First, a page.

All of these are robbers and thugs. In fact, colonialism is little more than a system of robbery intended to transfer raw materials and agricultural produce from the resource-rich colonies to the “Mother Countries.”

European and American colonists initially achieved control of the colonies by military power. The power was used indiscriminately, viciously and “necessarily” since the colonies were overwhelmingly inhabited by tribal peoples who typically did not share western values. You just couldn’t do business with most of them. After all, they usually believed that their land belonged to their God and cannot be treated simply as another commodity. So at least since 1492 the West has engaged in a world-wide genocidal process of eliminating and neutralizing tribal peoples. We’re witnessing the latest chapter of that process today in Mali.

Because of the business-averse tendencies of most tribal people, the colonial process also involved identification of individuals or groups within tribes who were willing to sell out their brothers and sisters. Alternatively it consisted in identifying and exploiting rivalries between tribes. In either case the point was to employ cooperative local elites (frequently, it turns out, Christian and lighter skinned) who were richly rewarded for controlling and using violence to oppress their own people or rival peoples on behalf of the colonists. In other words, the favored locals ended up being mercenary puppets of the colonists during the colonial era.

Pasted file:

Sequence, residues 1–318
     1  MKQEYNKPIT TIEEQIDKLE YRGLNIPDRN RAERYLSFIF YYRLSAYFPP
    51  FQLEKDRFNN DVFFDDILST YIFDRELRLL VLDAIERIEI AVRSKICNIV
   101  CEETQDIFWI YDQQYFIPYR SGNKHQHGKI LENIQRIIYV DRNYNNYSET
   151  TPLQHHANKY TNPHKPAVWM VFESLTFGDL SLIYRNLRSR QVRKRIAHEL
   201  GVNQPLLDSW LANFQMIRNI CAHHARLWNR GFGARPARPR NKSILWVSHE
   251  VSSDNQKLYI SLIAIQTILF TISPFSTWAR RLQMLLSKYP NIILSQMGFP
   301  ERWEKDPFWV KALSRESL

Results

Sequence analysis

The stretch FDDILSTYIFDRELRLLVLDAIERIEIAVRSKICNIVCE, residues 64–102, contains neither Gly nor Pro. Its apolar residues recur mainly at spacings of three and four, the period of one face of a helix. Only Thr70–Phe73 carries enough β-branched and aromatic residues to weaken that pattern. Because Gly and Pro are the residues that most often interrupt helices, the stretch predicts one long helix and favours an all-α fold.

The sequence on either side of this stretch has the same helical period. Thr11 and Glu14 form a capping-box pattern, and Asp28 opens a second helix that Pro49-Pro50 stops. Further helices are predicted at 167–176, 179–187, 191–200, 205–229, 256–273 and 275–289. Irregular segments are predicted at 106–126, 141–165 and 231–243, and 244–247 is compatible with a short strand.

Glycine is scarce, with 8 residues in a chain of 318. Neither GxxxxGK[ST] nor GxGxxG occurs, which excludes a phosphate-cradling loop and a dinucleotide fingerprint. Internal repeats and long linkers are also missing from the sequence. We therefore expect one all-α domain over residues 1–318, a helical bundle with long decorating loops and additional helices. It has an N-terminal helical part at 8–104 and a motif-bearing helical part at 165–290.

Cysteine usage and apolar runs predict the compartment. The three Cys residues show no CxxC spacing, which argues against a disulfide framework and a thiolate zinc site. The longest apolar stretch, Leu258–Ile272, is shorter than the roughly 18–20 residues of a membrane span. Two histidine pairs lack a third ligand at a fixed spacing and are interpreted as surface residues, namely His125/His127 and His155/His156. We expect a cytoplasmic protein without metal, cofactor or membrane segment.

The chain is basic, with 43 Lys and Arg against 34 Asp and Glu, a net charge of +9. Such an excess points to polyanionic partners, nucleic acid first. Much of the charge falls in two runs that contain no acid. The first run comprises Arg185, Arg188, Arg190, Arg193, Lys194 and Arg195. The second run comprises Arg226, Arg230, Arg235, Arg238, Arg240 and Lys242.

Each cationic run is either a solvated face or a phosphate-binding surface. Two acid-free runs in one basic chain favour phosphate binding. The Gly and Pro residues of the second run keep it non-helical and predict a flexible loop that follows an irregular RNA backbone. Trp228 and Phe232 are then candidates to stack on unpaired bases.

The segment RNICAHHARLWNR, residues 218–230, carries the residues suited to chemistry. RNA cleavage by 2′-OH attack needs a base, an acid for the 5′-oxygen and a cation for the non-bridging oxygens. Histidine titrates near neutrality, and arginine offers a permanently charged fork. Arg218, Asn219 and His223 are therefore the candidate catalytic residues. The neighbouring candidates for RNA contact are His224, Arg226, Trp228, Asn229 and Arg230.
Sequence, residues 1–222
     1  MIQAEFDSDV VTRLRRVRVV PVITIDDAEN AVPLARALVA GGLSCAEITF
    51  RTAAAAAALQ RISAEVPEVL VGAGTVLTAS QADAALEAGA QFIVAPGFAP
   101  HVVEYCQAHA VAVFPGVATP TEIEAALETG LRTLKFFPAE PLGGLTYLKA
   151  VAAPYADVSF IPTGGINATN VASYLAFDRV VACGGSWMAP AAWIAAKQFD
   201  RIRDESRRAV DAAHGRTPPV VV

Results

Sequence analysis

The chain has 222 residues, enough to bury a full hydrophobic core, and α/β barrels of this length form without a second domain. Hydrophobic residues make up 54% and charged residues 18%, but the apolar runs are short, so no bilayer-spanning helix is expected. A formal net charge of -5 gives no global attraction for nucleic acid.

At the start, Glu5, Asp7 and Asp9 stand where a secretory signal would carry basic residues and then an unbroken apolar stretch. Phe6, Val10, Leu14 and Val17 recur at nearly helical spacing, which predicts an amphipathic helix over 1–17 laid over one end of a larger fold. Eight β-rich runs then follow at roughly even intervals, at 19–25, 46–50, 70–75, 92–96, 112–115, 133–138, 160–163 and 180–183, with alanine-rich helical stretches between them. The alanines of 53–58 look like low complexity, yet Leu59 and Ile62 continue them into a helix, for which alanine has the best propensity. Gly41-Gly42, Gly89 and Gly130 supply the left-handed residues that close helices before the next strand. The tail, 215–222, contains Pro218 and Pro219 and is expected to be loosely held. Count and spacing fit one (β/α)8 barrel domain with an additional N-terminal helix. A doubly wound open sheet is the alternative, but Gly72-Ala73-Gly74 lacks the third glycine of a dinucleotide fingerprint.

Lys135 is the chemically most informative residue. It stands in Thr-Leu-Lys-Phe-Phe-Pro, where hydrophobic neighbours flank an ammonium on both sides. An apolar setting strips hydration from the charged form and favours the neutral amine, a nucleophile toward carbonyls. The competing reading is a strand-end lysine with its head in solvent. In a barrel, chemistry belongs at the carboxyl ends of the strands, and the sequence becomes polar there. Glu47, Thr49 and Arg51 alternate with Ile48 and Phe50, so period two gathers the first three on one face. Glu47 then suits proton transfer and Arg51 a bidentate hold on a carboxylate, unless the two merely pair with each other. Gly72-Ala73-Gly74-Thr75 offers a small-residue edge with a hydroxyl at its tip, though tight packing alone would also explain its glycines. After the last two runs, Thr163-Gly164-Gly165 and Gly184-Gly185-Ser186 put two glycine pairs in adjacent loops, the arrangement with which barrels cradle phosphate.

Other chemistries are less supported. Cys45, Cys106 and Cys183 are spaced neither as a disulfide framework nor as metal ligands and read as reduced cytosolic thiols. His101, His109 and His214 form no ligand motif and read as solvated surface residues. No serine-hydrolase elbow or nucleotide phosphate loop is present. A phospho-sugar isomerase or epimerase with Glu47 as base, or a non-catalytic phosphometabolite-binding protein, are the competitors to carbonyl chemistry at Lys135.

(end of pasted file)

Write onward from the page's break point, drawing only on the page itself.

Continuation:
Following the end of formal colonialism (1950s and ‘60s), the departing colonists typically tried to keep their puppets in control by rigging “free” elections to elect “the willing” who would continue doing business with their former masters on favorable terms. Colonial powers also arbitrarily drew up gerrymandered borders delineating colonist-created “countries” that separated tribal peoples from fellow tribe members. This was done in order to segregate natural allies from one another and to set them against each other in competing states. The result was the creation of artificial “countries” like Mali and Niger whose boundaries have little meaning for the tribal families they separate, while the primary loyalties of those families remain to their tribes.

The processes and consequences of all this are being demonstrated in Mali today as the French, attempt to reassert control of rebels in their former resource-rich colony.

(On Wednesday we’ll review the particulars.)

Jesus and “Les Miserables”


Readings for 2nd Sunday in Ordinary Time: Is. 62; 1-5; Ps. 96: 1-3, 7-10; I Cor. 12: 4-11; Jn. 2: 1-11